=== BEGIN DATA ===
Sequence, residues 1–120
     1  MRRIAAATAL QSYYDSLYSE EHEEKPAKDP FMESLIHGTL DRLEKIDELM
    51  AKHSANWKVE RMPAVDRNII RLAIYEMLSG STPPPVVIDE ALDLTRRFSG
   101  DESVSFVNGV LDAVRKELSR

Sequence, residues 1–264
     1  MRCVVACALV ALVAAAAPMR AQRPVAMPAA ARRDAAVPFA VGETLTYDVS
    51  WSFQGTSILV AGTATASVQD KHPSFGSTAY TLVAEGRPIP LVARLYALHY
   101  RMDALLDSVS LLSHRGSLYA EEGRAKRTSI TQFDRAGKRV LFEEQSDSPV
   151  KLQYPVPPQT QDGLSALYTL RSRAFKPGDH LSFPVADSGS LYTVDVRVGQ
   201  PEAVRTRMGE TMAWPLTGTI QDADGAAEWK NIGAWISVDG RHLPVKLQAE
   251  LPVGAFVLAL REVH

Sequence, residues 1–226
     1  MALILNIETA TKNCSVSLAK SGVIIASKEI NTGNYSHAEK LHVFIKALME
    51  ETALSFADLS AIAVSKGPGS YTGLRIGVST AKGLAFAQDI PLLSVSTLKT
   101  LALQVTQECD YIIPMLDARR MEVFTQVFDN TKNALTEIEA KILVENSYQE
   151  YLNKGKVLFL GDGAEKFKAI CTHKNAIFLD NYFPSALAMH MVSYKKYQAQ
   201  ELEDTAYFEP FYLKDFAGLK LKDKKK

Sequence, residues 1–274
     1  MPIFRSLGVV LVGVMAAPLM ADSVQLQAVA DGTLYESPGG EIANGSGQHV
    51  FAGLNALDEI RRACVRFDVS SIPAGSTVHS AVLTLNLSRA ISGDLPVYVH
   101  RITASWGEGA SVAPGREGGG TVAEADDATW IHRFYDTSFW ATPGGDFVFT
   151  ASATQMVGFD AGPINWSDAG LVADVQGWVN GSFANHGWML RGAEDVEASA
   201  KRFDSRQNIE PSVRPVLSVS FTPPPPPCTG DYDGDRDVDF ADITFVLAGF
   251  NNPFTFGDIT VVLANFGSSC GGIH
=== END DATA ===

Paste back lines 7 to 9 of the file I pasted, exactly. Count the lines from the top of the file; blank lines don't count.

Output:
    51  WSFQGTSILV AGTATASVQD KHPSFGSTAY TLVAEGRPIP LVARLYALHY
   101  RMDALLDSVS LLSHRGSLYA EEGRAKRTSI TQFDRAGKRV LFEEQSDSPV
   151  KLQYPVPPQT QDGLSALYTL RSRAFKPGDH LSFPVADSGS LYTVDVRVGQ